If you wish to decorate, now is the time to do it. In which case, sprinkle joyously with rose petals and chopped pistachios or anything else that your heart desires; otherwise, leave it gleaming darkly and, indeed, sumptuous. Leave to stand for 30 minutes for the icing to set before slicing into the cake.

 

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Tofu, Tempeh and Seitan; the Holy Trinity of a Vegan Diet

Tofu, Tempeh and Seitan

Ok, so I hate this photo more than any other I have ever taken.  Food has never looked so unappetising.  I even used an old, chipped, overly reflective blue plate just to get some colour into the picture and this made it both better and worse at the same time.  But I am not apologising because, if we are talking vegan we have to talk tofu, tempeh and seitan – the holy trinity of vegan protein sources.

So what are they?

Some Facts

Tofu

Tofu is essentially a bean curd made from soya beans.  It is formed by coagulating soya milk (mmmm) – the resulting curd is then pressed into blocks to form tofu.  This is a very similar process to that used when making soft cheeses (it doesn’t sound so bad now does it?).  It is reasonably high in protein and is also a good source of iron.  Do check the packaging though to make sure that your tofu is made from a non-GMO source of soya.

Tofu doesn’t have much flavour but it can absorb flavours wonderfully well and so becomes a carrier for the sauce or marinade of your choice.

Tofu comes in a number of different forms and they can be a little confusing:

Extra soft tofu is usually sold in a tube as it will not hold its own shape.  It is less commonly available in the UK but is often used in Korean cooking.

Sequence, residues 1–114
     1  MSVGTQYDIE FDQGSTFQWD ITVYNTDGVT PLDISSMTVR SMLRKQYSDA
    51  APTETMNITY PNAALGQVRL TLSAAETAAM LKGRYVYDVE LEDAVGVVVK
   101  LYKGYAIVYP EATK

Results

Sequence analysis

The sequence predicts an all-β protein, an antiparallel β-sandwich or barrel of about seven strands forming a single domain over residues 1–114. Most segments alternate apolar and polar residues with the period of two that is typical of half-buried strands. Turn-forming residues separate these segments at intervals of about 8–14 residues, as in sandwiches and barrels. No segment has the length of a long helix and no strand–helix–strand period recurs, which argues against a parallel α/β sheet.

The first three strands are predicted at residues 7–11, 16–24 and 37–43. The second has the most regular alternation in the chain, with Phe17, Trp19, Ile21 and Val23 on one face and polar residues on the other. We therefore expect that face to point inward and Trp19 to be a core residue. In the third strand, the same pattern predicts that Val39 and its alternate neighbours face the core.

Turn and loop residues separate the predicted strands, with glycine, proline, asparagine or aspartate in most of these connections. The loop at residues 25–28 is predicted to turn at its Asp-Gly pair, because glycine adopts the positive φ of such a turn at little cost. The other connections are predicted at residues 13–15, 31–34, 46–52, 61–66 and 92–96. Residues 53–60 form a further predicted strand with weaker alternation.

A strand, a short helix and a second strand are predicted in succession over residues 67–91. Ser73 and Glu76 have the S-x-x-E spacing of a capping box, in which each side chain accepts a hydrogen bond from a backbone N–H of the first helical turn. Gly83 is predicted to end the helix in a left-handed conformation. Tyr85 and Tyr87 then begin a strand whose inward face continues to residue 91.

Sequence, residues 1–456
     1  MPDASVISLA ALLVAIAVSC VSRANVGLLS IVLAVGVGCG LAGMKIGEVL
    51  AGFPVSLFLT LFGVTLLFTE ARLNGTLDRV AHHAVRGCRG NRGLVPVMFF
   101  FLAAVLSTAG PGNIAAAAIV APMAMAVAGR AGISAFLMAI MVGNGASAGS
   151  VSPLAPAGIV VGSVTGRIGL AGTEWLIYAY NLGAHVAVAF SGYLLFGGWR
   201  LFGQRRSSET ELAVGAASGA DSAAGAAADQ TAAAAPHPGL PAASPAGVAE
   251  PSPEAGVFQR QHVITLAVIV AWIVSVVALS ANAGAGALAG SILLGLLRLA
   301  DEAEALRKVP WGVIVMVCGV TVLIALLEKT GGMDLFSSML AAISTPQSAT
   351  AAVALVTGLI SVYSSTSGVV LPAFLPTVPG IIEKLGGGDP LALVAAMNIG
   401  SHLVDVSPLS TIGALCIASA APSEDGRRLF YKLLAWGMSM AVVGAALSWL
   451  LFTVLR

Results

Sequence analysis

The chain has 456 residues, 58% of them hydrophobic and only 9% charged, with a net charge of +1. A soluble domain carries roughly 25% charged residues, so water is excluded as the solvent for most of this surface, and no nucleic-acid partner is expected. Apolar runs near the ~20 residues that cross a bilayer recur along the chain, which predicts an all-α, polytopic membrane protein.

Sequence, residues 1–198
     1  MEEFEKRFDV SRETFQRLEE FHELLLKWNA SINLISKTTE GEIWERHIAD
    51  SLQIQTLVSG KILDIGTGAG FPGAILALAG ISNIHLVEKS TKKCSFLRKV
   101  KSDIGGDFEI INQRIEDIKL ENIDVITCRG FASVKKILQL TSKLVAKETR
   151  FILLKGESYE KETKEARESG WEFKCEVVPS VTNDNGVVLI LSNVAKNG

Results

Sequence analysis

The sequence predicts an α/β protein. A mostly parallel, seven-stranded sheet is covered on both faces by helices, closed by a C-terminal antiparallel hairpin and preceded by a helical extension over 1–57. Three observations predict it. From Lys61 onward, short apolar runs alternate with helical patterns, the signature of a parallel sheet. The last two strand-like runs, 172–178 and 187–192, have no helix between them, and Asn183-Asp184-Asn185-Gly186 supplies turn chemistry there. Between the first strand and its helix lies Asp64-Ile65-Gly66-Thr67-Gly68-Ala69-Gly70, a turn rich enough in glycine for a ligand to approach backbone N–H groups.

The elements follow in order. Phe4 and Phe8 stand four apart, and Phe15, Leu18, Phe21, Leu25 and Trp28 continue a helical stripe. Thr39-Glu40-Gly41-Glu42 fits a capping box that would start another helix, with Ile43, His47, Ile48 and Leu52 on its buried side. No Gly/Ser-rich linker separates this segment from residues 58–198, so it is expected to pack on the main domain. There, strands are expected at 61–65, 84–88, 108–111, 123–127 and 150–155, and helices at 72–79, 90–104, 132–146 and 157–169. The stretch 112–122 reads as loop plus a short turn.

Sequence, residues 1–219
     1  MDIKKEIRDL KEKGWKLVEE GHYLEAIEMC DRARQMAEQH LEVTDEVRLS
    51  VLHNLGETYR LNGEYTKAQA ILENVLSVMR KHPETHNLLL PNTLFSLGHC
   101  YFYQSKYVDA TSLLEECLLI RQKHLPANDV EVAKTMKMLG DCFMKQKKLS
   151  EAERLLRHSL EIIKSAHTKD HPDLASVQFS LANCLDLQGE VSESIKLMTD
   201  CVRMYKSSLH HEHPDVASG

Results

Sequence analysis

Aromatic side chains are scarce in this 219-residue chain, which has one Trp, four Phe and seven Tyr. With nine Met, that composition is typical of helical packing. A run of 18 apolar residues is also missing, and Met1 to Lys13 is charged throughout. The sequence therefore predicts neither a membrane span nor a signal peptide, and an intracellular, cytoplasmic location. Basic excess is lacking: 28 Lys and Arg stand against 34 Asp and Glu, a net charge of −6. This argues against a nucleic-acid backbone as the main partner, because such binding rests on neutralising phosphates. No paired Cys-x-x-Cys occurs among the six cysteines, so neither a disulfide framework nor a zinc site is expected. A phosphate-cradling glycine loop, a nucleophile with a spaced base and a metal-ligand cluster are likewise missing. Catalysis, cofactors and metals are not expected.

Soft or silken tofu is very smooth and quite fragile.  It is usually sold in block form and you can buy soft or firm silken tofu (not the same as firm tofu).  This can, with care be sliced, marinated and fried / grilled but it is best used as an egg substitute in baking/scrambled “eggs” or pancake batter.

Firm tofu comes in firm or extra firm.  It has been pressed longer than silken tofu and contains less water.  This is your go-to soya if you want to slice it and fry it or if you want to use pieces in stews or casseroles.

You can buy tofu fresh, frozen, in jars, pre-marinated, smoked… the list goes on.

Tempeh

Tempeh is also made from soya but this time the beans are fermented.  Tempeh has more flavour than soya and is kind of mushroomy/meaty.  It is also very firm and is often used as a meat substitute in casseroles and stews.  Tempeh can be sliced thinly and is sometimes used to make a meat free alternative to bacon.

Seitan

Seitan is made from wheat gluten.  It is closest in texture to meat and has a chewiness about it.  You can make seitan at home but it is a lengthy process which involves making a wheat dough and repeatedly washing it (by kneading it under water) until no starch is left.  The dough is then cooked and flavoured with vegetable stock or soy sauce for example.  The resulting seitan can be sliced and is firm enough to be cooked on a BBQ.  You can but seitan in blocks, in jars or vacuum packed.  Seitan is an excellent source of protein.

Comparable Data

If you are considering eating these foods as an alternative to meat you might find it helpful to check out some of the comparable data in the table below.

100g Chicken Tofu Tempeh Seitan
Calories 239 70 192 370
Protein 27g 8g 20g 75g
Iron 7% RDA 8% RDA 21% RDA 28% RDA
Vitamin A 3% RDA 0% RDA
Vitamin B6 20% RDA 17% RDA 0% RDA
Vitamin B12 5% RDA 3% RDA 0% RDA
Calcium 1% RDA 13% RDA 11% RDA 14% RDA
Magnesium 5% RDA 23% RDA 6% RDA
  • Data from multiple sources.

A Personal View

So, the piece above offers some general information about tofu, tempeh and seitan but here is my personal view as an experimental blogger!